Business Process

Why Credit Unions Are Fighting Cyber Crime With Portal Software

Of the myriad challenges facing financial institutions in the 21st century, cyber crime is one of the most serious. Hackers target financial institutions using an ever-changing array of strategies; every day new strains of malware and spyware appear, and every month a new data breach comes to light. Banks that want to maintain the trust of their customers need to have a multi-pronged approach to protecting communications and data. 

Perhaps unsurprisingly, some of the most prescient financial institutions have been credit unions. Credit unions have a long history of innovation, and they are often among the earliest adopters of new software tools to help improve cyber security. One particular example of this has been the widespread investment in board management software, an electronic communications tool designed to provide a secure portal for sharing board documents and facilitating discussion between board members.

Board portals are essentially an advanced board meeting software that acts as a both virtual storage library and a sophisticated communication tool. Using portal software, board administrators can upload all the documents directors need to review in advance of a board meeting, giving each director instant access to the board book and related data. Unlike less secure tools like Dropbox, portal software includes some of the most sophisticated encryption available and gives users the option of storing their data anywhere in the world, which allows boards to confidently share even the most confidential information, safe in the knowledge that hackers will not be able to reach it.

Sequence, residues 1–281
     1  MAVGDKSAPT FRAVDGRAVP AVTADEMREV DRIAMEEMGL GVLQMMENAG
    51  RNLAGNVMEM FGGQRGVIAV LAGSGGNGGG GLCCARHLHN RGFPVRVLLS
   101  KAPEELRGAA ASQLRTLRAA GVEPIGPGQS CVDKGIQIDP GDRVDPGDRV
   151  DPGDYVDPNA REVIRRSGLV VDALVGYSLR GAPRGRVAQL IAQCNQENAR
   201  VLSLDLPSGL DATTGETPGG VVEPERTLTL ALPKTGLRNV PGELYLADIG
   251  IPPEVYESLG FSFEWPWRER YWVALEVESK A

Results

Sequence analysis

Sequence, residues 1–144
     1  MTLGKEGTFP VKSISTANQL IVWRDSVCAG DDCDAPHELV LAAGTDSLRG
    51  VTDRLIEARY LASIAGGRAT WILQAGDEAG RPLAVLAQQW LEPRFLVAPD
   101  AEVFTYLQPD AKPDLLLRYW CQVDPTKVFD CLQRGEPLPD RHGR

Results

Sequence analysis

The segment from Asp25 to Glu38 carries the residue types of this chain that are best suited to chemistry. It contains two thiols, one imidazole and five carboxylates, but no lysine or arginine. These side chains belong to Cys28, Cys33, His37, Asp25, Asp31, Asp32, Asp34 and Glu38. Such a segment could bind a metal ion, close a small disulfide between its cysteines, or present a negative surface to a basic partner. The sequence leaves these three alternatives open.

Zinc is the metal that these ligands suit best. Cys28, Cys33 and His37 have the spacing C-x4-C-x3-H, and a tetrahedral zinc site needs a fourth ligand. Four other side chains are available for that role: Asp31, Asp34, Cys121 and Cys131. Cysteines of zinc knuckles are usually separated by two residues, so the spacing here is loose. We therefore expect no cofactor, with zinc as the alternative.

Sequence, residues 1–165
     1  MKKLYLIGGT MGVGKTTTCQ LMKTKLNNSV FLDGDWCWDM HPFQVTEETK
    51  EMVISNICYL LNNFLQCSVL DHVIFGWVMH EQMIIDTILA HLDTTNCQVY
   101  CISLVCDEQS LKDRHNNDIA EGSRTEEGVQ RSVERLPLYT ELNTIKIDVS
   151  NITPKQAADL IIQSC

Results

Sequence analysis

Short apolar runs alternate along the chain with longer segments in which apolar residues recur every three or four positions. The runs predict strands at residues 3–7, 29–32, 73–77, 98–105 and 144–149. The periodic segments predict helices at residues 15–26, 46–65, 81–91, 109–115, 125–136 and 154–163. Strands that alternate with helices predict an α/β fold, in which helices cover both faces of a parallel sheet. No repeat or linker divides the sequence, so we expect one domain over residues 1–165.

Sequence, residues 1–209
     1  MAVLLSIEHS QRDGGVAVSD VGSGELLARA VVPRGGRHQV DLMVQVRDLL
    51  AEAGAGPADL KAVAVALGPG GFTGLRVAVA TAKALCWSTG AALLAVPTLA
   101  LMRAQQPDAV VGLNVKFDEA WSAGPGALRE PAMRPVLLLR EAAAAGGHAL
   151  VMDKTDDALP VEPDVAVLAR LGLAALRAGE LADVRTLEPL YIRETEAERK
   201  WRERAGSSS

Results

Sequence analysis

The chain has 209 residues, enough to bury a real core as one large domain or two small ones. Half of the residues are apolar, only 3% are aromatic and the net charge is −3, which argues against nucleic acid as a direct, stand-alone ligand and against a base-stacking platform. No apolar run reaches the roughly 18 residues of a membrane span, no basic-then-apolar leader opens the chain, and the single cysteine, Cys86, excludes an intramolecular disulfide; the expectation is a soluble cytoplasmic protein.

But while portal software provides serious security, it does not do so at the cost of convenience. One of the reasons board management software options like Aprio have proven so popular among credit union boards is due to its ability to streamline board communications and provide a more frictionless experience than conventional planning and file sharing tools. In addition to giving users access to important board documents, portal software also includes planning aids like agendas and calendars, annotation and confidential polling tools, and chat functions that allow board members to discuss board business and collaborate on solutions remotely.

Perhaps most importantly, portals allow board members to keep all the information they need in a single place — data, graphs, reports, memos, motions, and agendas, as well as chat logs and personal annotations. When it comes time for the meeting, accessing board information through a secure portal isn’t just a good security practice; it also makes for more efficient meetings.

Earlier this year, Security Magazine reported that the cost of cyber crime has now reached $600 billion, and in 2018 banks remain one of the primary targets. This marks an increase of $150 billion over three years, and there are no signs of it slowing down in the near future. Financial institutions that want to survive in this climate will need to fight cyber crime at all levels and institute the most rigorous protections available, and this goes for boards as well. For this reason, larger financial institutions like banks and funds may well want to follow the credit unions’ lead and make portal software a major plank in their communications strategies.

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